The pace of creation and discovery will never be less in this local region of spacetime.   While it may not be our goal it is our unavoidable fate (yes we that’s a scary word) to continue to compute and have a more computational approach to existence – the identification and exploitation of patterns by other patterns seems to carry this self-reinforcing loop of recursion and the need of ever more clarifying tools of inspection that need more impressive means of inspecting themselves…   everything in existence replicates passively or actively and at a critical level/amount of interconnectivity (complexity, patterns connected to patterns) self inspection (reasoning, introspection, analysis, recursion) becomes necessary to advance to the next generation (explore exploitation strategies).

Beyond robotics and 3d printing and self-replicating and evolutionary programs the key pattern processing concept humans will need is a biological approach to reasoning about programs/computation.   Biology is a way of reasoning that attempts to classify patterns by similar behavior/configurations/features.   And in those similarities find ways to relate things (sexually=replication, metabolism=Energy processing, etc).   It is necessarily both reductionist, in its approach to categorize, and anti-reductionist in its approach to look at everything anew. Programs / computers escape our human (and theoretical) ability to understand them and yet we need some way to make progress if we, ourselves, are to persist along side them.

And So.

It’s quite possible this entire train of synthesis is a justification for my own approach to life and my existence. And this would be consistent with my above claims.   I can’t do anything about the fact that my view is entirely biased by my own existence as a pattern made of patterns of patterns all in the lineage of humans emerged from hominids and so on all the way down to whatever ignited patterns of life on earth.

I could be completely wrong. Perhaps some other way of synthesizing existence all the way up and down is right. Perhaps there’s no universal way of looking at it. Though it seems highly unlikely/very strange to me that patterns at one level or in one perspective couldn’t be analyzed abstractly and apply across and up and down.   And that the very idea itself suggests patterns of pattern synthesis is fundamental strikes me as much more sensible, useful and worth pursuing than anything else we’ve uncovered and cataloged to date.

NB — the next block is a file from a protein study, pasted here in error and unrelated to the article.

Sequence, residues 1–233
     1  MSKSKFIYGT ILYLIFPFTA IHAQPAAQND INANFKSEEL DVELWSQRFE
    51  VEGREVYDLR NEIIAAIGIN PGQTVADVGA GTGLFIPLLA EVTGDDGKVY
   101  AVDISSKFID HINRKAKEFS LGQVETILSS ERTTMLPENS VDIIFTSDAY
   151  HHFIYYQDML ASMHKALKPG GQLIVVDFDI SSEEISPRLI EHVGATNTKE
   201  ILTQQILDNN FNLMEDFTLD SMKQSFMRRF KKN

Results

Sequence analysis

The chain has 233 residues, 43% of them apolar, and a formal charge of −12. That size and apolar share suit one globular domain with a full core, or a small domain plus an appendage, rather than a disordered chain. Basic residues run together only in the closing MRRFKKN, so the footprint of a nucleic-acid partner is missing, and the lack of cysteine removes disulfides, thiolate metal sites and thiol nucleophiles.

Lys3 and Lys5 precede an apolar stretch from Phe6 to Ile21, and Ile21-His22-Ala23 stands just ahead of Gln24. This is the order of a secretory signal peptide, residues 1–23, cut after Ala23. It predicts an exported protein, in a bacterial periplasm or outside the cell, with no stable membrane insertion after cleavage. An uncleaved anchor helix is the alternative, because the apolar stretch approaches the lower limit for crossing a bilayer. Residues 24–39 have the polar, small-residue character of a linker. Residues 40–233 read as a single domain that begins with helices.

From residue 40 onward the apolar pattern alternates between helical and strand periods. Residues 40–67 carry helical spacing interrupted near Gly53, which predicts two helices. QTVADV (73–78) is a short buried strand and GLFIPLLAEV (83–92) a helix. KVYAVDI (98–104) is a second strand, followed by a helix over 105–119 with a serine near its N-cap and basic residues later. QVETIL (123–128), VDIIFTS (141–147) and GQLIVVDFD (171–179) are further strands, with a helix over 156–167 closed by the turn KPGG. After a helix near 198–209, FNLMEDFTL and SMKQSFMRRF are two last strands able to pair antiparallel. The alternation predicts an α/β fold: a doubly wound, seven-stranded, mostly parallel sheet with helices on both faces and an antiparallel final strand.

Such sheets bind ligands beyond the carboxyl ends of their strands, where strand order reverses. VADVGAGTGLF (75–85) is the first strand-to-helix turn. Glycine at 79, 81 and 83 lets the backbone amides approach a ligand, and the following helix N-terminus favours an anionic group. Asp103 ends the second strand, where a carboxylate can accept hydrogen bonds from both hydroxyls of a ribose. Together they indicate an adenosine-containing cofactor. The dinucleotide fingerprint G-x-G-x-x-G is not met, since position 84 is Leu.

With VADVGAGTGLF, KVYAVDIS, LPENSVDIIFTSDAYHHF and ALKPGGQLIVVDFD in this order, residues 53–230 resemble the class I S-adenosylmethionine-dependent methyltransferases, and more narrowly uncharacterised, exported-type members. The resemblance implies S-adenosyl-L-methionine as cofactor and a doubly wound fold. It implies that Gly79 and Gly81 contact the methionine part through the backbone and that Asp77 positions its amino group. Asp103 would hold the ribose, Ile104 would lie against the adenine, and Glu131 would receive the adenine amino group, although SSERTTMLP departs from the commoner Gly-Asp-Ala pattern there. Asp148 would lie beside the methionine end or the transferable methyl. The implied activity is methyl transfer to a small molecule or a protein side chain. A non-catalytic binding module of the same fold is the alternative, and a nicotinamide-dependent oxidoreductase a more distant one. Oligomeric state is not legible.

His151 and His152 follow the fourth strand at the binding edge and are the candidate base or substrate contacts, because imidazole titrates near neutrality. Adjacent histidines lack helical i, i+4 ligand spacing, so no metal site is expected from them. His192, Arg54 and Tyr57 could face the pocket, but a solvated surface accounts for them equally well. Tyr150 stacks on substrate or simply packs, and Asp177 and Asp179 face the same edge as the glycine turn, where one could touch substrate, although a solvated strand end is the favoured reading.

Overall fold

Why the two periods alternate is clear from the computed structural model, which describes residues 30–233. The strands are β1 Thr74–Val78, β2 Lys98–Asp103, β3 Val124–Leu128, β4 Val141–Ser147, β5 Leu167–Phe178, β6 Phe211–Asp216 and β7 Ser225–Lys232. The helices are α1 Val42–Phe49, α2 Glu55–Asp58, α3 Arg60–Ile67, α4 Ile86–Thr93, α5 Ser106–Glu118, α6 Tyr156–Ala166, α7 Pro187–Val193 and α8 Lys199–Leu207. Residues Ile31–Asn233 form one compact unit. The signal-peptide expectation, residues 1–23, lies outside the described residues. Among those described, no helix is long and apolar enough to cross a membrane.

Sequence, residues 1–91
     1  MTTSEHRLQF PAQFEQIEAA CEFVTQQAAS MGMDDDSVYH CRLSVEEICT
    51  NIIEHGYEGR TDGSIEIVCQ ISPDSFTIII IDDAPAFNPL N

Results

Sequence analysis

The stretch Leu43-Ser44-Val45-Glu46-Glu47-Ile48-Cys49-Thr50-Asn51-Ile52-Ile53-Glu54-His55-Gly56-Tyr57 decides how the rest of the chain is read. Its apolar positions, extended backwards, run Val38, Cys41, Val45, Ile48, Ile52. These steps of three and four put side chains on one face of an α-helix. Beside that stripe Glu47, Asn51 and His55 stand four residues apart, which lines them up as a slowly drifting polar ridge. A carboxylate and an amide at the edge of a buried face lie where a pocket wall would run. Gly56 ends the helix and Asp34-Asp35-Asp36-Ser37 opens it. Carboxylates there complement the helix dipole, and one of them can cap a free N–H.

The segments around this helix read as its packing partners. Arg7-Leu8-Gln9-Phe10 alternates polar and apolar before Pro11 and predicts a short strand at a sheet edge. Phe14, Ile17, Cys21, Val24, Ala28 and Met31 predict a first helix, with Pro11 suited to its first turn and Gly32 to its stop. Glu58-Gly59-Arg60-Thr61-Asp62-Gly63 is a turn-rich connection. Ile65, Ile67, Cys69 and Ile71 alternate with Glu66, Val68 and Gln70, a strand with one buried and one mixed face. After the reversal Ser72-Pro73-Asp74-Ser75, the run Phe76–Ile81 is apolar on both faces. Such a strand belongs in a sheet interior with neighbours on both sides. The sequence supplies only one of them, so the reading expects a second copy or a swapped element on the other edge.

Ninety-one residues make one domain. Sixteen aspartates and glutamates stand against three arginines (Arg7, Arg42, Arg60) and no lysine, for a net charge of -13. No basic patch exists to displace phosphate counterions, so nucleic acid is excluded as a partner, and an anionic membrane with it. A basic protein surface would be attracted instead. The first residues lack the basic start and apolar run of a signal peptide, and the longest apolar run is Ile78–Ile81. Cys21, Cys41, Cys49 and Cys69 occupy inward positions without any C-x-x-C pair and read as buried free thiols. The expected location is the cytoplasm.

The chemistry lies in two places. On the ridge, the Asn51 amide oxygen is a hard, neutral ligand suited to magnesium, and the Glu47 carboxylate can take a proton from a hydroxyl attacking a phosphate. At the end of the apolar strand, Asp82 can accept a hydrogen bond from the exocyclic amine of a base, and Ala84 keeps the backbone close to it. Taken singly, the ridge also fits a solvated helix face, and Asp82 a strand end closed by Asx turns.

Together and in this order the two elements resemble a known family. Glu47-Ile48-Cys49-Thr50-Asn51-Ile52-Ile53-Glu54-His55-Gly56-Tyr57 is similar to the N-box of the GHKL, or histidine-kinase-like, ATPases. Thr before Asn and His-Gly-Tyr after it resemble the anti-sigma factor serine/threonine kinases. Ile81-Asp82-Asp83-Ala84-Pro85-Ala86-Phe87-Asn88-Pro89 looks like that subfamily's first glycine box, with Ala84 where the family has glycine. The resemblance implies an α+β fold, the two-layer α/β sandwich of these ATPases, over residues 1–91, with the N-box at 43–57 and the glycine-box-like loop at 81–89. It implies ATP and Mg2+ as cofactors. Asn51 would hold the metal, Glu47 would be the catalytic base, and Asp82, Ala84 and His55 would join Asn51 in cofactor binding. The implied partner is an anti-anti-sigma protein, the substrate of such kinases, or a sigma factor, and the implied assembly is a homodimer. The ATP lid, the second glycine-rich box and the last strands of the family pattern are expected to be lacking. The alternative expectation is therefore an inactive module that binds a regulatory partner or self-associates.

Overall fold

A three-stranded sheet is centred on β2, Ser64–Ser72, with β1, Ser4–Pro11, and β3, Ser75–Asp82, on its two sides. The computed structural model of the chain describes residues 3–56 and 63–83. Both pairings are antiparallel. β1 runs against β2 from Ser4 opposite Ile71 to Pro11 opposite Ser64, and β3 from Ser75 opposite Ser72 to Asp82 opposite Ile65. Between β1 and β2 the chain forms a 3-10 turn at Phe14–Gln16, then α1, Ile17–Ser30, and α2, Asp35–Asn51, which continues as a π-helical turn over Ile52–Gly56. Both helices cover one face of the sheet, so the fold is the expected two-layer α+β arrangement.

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Recently there’s been hubbub around Artificial Intelligence (AI) and our impending doom if we don’t do something about it. While it’s fun to scare each other in that horror/sci-fi movie kind of way, there isn’t much substance behind the various arguments floating about regarding AI.

The fears people generally have are about humans losing control and more specifically about an unrestrained AI exacting its own self-derived and likely world-dominating objectives on humankind and the earth. These fears aren’t unjustified in a broad sense. They simply don’t apply to AI, either the artificial nor the intelligence part. More importantly, the fears have nothing to do with AI but instead with the age-old fear that humankind might not be the point of all existence.

We do not have a functional description of intelligence, period. We have no reliable way to measure it. Sure we have IQ or other tests of “ability” and “awareness” and the Turing Test but none of this actually tell you anything about “intelligence” or what might actually be going on with things we consider intelligent. We can measure whether some entity accomplishes a goal or performs some behavior reliably or demonstrates new behavior acquisition in response to changes in its environment. But none of those things establish intelligence and the presence of an intelligent being. They certainly don’t establish something as conscious or self-aware or moral or purpose driven nor any other reified concept we choose as a sign of intelligence.

The sophisticated fear peddlers will suggest of the above that it’s just semantics and we all know what we mean in a common sense way of what intelligence is. This is simply not true. We don’t. Colleges can’t fully count on the SAT, phrenology turned out to be horribly wrong, the Turing Test isn’t poor by definition, and so on. Go ahead, do your own research on this. No one can figure out just exactly what intelligence is and how to measure it. Is it being able to navigate a particular situation really well? Is it the ability to assess the environment? Is it massive pattern matching? Is it particular to our 5 senses? One sense? Is it brain based? Is it pure abstract thinking? What exactly does it mean to be intelligent?